Very rarely stood up their own digital infrastructure it seems like the overwhelming majority relied on these marketplaces which I guess door – and ubereats are the two.
Two biggest and my understanding is that the unit economics or the restaurant totally totally suck through those marketplaces.
Is is that going to be the way that customers always discover their delivery restaurant meals or like we’ve seen in other categories of e-commerce do you think.
More restaurants will try to have their own digital ordering experiences or how could that play out.
Scot & Matt:
[31:44] Yeah I think that the direct channel is going to definitely become you know it’s become a must-have you know you have to have your own direct channel so the question is how do you manage these two things right and and this goes for groceries as well as restaurants right,
all these apps are kind of disintermediating the relationship between your customer and your business,
you know and so the goal is to figure out how to make those sales incremental on the marketplace and then drive you no longer term retention through.
Do your own channels and so you know it’s the card has its own white-label tack you know they’ve.
They’ve been able to create a suite of products that you know Grocers can kind of pick and choose from if they don’t want the marketplace you know Wegmans is a good example of this they’ve you know Leverage The White Label,
they’re also on the marketplace you know as far as the restaurants you know obviously doordash has storefront,
I’m pretty skeptical of but you know there’s also door – drive on top of all these white label platforms whether it’s cow now or,
yeah it’s square has an integration I think with a door – now so all these POS ordering systems are going to have Integrations with last-mile fulfillment so.
[32:59] I think it’s just going to be about balancing it out and being smart about how you kind of load balance those two all these different channels and the number of channels is going to continually increase I.
And so you know it’s a must that you have a you know it’s become a mustard every grocer and every restaurant have their own direct ordering and you know,
we can get into the microfilm and all that stuff but.
[33:26] I do want to get there it is it’s funny,
I you know I spent a lot of time with clients in the restaurant space and I talked a lot about needing to own,
the customer experience which is increasingly digital I mean I think Panera came out like last month and said that over 50% of all their orders are now from the website so there are digital first restaurant.
And every time I bring this up with clients that are like yeah but Jason you don’t understand the magnitude of the problem like we could never own our own delivery like you know how much delivery capacity that would require it’s impossible to build.
And I’m like have you heard of Pizza Hut.
Like it seems like there are all these restaurants that just it’s endemic in their model that they’ll have delivery like every independent Chinese food restaurant in America has always delivered it seems it seems odd that.
Restaurants are so reticent to own their own own capacity.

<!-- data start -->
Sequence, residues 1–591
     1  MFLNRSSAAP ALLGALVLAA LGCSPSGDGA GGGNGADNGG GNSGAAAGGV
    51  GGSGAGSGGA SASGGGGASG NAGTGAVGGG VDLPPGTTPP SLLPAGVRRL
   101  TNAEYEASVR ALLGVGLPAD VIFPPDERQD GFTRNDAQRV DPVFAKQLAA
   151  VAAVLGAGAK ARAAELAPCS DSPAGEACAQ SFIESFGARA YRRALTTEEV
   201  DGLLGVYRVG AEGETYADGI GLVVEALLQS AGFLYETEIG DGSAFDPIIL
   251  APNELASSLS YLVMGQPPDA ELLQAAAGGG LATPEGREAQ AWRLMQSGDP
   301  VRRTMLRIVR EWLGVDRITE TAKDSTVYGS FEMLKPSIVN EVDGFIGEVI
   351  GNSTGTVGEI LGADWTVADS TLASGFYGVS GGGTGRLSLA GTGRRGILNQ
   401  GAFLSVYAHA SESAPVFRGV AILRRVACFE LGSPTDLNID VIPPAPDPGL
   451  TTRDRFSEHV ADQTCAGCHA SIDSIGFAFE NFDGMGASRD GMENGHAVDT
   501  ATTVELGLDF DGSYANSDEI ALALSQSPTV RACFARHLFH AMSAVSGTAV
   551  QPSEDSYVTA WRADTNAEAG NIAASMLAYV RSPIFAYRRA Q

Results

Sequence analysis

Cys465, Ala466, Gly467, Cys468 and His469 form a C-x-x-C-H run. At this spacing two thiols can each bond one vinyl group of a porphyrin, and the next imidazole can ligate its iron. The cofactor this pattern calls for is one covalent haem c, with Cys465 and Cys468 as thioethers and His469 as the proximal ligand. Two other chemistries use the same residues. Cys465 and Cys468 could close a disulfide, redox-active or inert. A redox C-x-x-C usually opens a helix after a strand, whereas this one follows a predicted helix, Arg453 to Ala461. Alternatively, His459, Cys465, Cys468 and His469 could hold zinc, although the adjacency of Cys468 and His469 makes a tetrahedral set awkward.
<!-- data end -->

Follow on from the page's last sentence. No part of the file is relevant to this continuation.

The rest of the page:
Scot & Matt:
[34:23] Well it is true that like if you if they were actually going to go and hire all those drivers you know whether they be contractors are full-time employees that,
it does require a lot of demand and it does involve a lot of know-how that they don’t necessarily have so it does make sense of why this was the Easy Choice in the pandemic for them to like steal so much Airway and,
you know because there was no other solution right that’s like easy so I think the thing there is to really break down the things that they can do themselves and the things that they should Outsource and I think when it comes to.
Yeah delivery that’s clear like no no restaurant unless you’re you know Domino’s or,
you know you have a ton of local delivery demand is going to like really operate their own Fleet,
a lot of people will just Outsource it to like door – drive or now lift this getting into that space Uber has an API and although has a aggregate kind of API that will allow.
Best messages basically paying this real-time Marketplace of these services and just pick whichever is going to be faster and cheaper they can kind of set the parameters of like.
You know how fast or how cheap they want it to be and they could pass or subsidize it to the customer so you know that that part I don’t expect restaurants to do I absolutely think restaurants need,
have their own website whether it’s you know some sort of CMS that their licensing from someone else or build it themselves and then integrate it with a door – driver one of these other players.
[35:52] And I guess that is one of the interesting like so if you look at some of the other segments of e-commerce that evolved by a company I talked about often is this company called GSI and in the early days of e-commerce.
[36:05] If you know an investor said hey should we get an e-commerce that the CEO ago yeah I’m gonna hire this company GSI to do it TurnKey right because the,
in the same way that it was easy and it was an economically meaningful in the same way that you might you know put your menu on door – when it’s not economically meaningful,
and by far was the easiest thing over time.
Every retailer realized hey it’s a mistake to Outsource this this business to GSI and we need to own that but Jesus I didn’t actually go away or go out of business like a GS I mean a bunch of money in the,
the founder of GSI is this guy Mark Ruben who owns the 76ers and Fanatics and a bunch of other good things so he’s a success story and Jesus I still exist today,
they they operate under different name called radio and they pivoted from,
providing all these Services TurnKey and sort of Outsourcing it to providing the Ava cart services that a retailer you know didn’t think it made sense right so they weaned in order management.